STP978: Electrochemical Theory of Galvanic Corrosion

    Oldfield, JW
    Manager of corrosion, Cortest Laboratories Ltd., Sheffield,

    Pages: 18    Published: Jan 1988


    Abstract

    Galvanic corrosion can be defined simply as that corrosion that occurs as a result of one metal being in electrical contact with another in a conducting corrosive environment. The corrosion is stimulated by the potential difference that exists between the two metals, the more noble material acting as a cathode where some oxidizing species is reduced, the more active metal, which corrodes, acting as the anode. To fully understand this process it is first necessary to understand the basic thermodynamics and kinetics of electrochemical reactions. These are considered with particular reference to exchange current densities and the factors that control them, linear and Tafel kinetics, concentration and mass transfer effects, and mixed potential theory. The practical side of galvanic corrosion and its relationship to electrochemical parameters is considered with particular reference to the most important cathodic processes, that is, oxygen reduction and hydrogen evolution, as they occur on engineering materials, for example, steel, stainless steel, copper base alloys, and so forth and to the general form of the anodic processes that occur. Finally the use of galvanic series as a predictive tool is discussed. In addition methods used to model galvanic situations with the aim of predicting corrosion are briefly mentioned and their advantages and limitations outlined.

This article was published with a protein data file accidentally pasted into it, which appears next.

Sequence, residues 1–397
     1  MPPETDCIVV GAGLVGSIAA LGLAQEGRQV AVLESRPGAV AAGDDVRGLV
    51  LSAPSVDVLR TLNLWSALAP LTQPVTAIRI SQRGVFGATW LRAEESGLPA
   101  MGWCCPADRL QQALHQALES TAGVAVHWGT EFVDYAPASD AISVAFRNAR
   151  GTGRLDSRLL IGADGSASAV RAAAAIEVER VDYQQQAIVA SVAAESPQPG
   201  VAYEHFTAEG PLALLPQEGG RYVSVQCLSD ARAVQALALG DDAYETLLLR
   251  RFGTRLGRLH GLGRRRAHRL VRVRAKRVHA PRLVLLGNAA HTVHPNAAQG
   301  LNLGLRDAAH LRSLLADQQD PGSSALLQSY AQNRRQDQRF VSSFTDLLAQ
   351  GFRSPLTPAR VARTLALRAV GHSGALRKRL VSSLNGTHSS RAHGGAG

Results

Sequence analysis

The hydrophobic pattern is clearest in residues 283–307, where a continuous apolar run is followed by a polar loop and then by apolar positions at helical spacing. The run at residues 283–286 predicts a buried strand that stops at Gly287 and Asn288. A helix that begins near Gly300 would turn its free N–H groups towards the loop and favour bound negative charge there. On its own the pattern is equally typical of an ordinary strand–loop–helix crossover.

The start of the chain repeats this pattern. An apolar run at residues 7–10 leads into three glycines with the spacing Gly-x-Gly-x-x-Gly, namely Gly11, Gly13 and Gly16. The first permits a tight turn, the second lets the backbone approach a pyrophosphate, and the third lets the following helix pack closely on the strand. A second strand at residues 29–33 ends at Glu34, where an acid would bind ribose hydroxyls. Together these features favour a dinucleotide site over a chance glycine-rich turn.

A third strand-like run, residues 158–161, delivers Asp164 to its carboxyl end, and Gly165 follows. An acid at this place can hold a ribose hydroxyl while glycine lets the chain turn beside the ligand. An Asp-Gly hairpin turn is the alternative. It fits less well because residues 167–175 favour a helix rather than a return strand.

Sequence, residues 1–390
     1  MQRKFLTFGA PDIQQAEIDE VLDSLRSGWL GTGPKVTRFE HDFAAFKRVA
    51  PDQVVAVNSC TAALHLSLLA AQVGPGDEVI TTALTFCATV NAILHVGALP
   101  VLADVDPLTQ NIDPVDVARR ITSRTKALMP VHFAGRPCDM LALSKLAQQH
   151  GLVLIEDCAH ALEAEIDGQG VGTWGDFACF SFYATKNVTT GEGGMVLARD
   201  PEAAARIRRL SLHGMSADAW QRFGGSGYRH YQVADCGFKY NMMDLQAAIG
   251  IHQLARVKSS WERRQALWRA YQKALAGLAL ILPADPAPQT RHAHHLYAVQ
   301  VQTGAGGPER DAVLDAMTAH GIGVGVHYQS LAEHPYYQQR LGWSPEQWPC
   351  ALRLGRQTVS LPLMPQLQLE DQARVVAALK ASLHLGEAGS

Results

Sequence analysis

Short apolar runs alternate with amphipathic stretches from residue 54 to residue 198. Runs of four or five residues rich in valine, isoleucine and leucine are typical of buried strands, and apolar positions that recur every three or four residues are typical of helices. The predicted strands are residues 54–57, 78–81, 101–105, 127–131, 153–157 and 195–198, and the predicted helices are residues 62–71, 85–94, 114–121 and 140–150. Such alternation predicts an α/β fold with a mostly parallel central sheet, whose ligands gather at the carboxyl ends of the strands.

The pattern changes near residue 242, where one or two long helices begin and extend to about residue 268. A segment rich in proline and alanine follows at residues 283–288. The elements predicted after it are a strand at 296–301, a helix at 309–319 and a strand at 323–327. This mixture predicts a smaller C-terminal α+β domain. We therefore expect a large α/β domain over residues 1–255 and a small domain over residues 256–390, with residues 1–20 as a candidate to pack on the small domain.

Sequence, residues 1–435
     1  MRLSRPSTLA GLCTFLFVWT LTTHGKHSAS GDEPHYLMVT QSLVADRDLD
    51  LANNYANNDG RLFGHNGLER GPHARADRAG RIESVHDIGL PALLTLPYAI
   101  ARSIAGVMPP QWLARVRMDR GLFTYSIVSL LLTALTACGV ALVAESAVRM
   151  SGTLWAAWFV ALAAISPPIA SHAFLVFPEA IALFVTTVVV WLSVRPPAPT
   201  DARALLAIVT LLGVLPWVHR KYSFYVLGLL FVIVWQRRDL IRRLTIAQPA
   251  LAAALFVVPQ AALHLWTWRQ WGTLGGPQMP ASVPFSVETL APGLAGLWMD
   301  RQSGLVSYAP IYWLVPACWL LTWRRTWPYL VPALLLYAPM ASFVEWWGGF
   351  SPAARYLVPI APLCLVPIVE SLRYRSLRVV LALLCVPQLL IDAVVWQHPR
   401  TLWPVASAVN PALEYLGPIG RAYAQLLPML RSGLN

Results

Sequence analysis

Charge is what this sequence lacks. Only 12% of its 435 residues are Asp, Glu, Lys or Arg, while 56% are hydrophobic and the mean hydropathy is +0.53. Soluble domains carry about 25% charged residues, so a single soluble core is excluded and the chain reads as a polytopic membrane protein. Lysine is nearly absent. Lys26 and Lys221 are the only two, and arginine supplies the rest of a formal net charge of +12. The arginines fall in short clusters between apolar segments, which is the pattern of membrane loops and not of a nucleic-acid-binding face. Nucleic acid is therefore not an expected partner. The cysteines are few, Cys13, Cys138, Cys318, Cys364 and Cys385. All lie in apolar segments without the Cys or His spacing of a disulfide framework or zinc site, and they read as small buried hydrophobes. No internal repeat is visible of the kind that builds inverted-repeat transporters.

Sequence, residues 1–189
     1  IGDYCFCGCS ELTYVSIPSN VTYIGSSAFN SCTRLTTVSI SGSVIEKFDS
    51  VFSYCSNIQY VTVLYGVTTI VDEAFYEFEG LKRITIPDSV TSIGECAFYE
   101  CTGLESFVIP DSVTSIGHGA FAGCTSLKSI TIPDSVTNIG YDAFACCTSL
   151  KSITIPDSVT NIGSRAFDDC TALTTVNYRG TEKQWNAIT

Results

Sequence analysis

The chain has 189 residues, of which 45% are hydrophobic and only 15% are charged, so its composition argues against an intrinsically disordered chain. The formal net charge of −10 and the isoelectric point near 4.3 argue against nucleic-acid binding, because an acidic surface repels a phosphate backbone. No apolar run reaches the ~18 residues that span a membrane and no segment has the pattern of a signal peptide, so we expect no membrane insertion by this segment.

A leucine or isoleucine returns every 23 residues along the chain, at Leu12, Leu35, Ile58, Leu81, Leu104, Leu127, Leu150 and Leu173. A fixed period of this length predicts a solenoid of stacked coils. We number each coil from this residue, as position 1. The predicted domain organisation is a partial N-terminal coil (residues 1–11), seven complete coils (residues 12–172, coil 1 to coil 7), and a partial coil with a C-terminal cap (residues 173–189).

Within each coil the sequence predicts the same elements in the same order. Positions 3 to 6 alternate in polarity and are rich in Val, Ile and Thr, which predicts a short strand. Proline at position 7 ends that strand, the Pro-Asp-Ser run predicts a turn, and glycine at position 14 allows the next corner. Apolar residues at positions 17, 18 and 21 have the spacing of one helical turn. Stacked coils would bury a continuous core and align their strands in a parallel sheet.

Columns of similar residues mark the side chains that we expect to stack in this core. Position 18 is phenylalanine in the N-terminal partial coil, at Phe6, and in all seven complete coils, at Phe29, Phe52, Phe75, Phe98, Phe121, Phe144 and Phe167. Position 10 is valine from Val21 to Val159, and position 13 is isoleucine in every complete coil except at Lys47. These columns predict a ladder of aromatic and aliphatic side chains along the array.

Keywords:

    galvanic corrosion, mixed potentials, galvanic series, mathematical modelling, oxygen reduction, hydrogen evolution, electrochemical theory


    Paper ID: STP26188S

    Committee/Subcommittee: G01.07

    DOI: 10.1520/STP26188S


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